Over the last couple of days the Tivo boxes have been collecting messages from base which apologise for the fact that they're going to brick the boxes in June, but encourage us to upgrade to the shiny new offering that Virgin have for us. There are even some kind of discount deals for those following the upgrade path. But for me? Me and all the other people using Tivo Series 1 because there is no real other option? Bye bye, nice knowing you!

It's made me wonder whether to continue my burgeoning relationship with the Tivo I have. Why teach it to never show me any bloody sport or say that yes, I think Buffy is great? It's going to do nothing come June that a basic video recorder in the 1980s couldn't.

The forums are awash with people discussing it. Many are pissed off about the approach, the sudden cut-off although they admit that given that support officially ends several years after it became impossible to purchase the Tivo product we've done pretty well out of it. There are questions over what PVR is the best fit to replace the Tivo. Well, for me there isn't one. Nothing does what Tivo did. I want the serendipity of discovering new content because a box in the corner of the room knows what I like. I like being able to give wide commands like "Record everything you find that has Stephen Fry in it".

Tivo have leapt into bed with Virgin and are working on an exclusive arrangement designed to promote both. There will be a new generation of Tivo subscribers who think it's new and innovative when they can issue those wide commands and let it get on with it. But for those of us outside the Virgin area? Too bad. Read the small print, when we said "lifetime" it never meant what you thought it meant, Tivo's off to play with its new friends.

Some of us are a bit sad about that.

Friday, 4 February 2011

Infinite Gateway

Thrilled to have discovered the Infinite Gateway blog. I think I'm going to pinch a load of their subject lines for my own musings in the future. Check them out if you're interested in larp.

Geeks of London, first meet

Last week I went along to the Geeks of London meetup that I happened across on Twitter. As it turned out, it was the first such meet, and as such it was very successful. Melinda and Christian organised the whole thing, with help from others and a clearly generous donation from Nokia Ovi who not only put money behind the bar for drinks and some nibbles, but also offered a prize of a new phone which was given away during the evening.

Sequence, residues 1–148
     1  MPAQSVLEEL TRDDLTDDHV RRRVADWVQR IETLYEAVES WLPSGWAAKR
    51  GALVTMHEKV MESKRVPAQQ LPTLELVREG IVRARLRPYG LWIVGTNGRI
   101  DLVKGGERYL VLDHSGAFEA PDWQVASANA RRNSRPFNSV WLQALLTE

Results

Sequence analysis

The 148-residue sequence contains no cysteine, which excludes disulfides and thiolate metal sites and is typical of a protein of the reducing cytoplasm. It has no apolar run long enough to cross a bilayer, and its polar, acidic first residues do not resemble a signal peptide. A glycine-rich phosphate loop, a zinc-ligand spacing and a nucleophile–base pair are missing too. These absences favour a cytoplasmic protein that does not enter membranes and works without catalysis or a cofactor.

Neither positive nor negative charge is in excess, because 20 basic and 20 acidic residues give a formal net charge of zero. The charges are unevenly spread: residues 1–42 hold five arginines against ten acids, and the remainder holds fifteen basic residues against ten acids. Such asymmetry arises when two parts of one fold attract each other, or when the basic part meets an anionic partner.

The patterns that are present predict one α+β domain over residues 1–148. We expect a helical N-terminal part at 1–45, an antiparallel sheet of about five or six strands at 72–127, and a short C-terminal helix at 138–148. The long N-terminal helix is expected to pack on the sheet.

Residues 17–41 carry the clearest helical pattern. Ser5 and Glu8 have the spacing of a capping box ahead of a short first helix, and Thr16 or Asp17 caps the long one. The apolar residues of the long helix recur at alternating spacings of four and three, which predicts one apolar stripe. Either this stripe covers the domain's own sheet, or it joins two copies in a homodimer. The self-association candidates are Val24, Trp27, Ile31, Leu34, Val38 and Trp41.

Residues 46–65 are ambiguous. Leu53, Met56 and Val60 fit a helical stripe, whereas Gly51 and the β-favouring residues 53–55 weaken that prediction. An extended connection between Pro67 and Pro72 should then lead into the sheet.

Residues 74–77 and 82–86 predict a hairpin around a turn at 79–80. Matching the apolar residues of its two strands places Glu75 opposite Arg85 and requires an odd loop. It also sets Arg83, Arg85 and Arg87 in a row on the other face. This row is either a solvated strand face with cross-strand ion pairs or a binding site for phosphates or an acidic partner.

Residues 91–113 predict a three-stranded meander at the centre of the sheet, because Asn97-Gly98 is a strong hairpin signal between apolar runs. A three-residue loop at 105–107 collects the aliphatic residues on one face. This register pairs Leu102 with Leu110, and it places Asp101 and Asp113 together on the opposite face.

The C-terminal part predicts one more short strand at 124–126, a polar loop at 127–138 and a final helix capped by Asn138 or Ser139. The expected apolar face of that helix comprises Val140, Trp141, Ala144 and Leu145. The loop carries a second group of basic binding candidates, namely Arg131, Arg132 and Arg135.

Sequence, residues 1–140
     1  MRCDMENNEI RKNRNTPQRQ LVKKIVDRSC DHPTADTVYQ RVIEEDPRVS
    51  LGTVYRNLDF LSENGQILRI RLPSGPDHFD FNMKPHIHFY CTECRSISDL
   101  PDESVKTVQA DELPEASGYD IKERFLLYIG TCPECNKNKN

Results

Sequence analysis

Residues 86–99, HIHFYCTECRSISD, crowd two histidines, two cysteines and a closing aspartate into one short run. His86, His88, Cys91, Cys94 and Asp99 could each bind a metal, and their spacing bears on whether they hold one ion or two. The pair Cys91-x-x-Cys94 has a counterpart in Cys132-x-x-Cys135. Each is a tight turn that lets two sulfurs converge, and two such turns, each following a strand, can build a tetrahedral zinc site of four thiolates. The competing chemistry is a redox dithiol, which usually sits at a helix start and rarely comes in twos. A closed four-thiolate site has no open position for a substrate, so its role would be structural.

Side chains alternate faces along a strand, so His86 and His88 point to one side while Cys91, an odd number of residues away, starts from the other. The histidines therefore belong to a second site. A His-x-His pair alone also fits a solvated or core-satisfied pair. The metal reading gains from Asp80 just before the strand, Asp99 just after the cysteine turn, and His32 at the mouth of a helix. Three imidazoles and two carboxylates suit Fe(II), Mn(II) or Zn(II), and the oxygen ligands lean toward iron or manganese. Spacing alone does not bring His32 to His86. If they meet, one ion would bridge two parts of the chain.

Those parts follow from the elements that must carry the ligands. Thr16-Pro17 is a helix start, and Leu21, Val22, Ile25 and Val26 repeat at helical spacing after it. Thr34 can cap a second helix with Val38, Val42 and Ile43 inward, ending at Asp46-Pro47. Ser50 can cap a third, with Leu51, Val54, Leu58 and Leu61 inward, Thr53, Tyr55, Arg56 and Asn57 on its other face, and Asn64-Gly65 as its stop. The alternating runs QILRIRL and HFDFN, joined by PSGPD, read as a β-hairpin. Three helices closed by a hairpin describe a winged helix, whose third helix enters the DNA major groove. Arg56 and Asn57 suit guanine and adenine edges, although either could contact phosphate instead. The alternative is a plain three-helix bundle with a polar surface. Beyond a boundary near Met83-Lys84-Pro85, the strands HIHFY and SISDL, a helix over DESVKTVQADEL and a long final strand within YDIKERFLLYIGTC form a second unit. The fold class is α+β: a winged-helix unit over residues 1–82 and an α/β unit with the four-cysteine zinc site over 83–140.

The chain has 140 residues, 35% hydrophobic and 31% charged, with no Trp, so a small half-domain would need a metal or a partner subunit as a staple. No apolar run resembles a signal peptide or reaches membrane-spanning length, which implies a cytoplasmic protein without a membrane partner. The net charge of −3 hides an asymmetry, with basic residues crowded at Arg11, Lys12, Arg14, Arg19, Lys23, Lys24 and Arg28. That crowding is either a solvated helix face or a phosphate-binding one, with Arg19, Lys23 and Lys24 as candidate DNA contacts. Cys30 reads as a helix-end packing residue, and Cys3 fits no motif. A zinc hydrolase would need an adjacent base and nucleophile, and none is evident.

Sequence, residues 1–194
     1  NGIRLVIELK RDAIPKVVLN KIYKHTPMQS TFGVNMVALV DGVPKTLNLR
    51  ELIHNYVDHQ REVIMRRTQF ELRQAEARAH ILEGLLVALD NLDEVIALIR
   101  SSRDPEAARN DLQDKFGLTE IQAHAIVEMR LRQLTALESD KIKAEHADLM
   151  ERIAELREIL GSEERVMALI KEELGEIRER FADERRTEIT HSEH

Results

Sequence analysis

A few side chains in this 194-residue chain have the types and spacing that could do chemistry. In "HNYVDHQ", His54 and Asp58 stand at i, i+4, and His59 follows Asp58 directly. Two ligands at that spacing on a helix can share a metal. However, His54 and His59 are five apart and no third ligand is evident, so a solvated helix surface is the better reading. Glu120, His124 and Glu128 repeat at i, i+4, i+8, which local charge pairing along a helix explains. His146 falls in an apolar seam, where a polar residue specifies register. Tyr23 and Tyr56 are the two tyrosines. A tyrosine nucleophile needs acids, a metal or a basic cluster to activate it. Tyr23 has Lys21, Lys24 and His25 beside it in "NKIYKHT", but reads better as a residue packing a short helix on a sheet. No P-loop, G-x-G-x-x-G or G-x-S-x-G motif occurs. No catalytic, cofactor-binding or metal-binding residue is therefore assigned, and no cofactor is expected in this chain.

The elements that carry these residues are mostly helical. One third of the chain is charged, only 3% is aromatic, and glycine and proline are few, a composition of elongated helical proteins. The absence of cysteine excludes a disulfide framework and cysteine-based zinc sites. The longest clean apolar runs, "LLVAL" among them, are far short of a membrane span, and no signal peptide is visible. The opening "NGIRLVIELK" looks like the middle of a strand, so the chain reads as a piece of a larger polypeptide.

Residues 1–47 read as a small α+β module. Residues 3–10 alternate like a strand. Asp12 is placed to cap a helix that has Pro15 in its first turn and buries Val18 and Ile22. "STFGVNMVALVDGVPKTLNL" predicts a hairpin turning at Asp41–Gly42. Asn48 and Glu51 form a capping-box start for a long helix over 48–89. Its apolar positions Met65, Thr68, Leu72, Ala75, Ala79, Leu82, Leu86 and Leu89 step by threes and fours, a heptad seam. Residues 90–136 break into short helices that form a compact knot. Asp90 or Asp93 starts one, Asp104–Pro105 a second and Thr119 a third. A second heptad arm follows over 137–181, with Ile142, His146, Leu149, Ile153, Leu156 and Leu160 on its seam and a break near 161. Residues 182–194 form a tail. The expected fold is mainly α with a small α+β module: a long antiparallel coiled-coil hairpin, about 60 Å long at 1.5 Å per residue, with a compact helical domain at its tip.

The format seemed to work well, with general mixing around the downstairs bar area, and a couple of slightly more formal talks. There were projected slides for the one, but the microphone failed, unfortunately. The theme of the night was gadgets and attendees were encouraged to bring along gadgets to show off and discuss, and they ranged from Terrance Eden's videocamera glasses to my first ever experience of an in-the-flesh slide rule.

I have a couple of video clips to upload at some point as my own gadget for discussion was the non-glasses version of the videocamera sold cheaply online as a "spycam" - a fantastic gadget at a very low price. The quality isn't fantastic but what can you expect for the cost? I'm thinking of getting hold of some of the glasses style versions to modify and turn into kit for larp events at some point.

Meanwhile, I particularly enjoyed Melinda's talk in which she addressed the question of what defines a gadget. Portability? Novelty? Tech? She skirted around all these possibilities, pointing out that it's almost indefinable, you know it when you see it. Although she didn't mention it during her own talk, she did prompt me to recognise that one of the features of a gadget is that it is unnecessary. It might be nice, it's probably a talking point but it's not something anybody needs as such. An iPad is a gadget, while a laptop is less so, particularly in the realm of work. A freezer isn't a gadget, it's seen as a home necessity, but for previous generations perhaps it was. Definitely food for thought.

I will be going along again, some of the faces were familiar from barcamp style events I'd been to and I got talking to a few more people from all over, despite ducking out early due to my stupidly early starts on my daily commute these days.

The next event is to be movie based, probably a couple of meetups, one to watch and one to discuss a film. Look out for them, coming soon.

More info can be found on the website: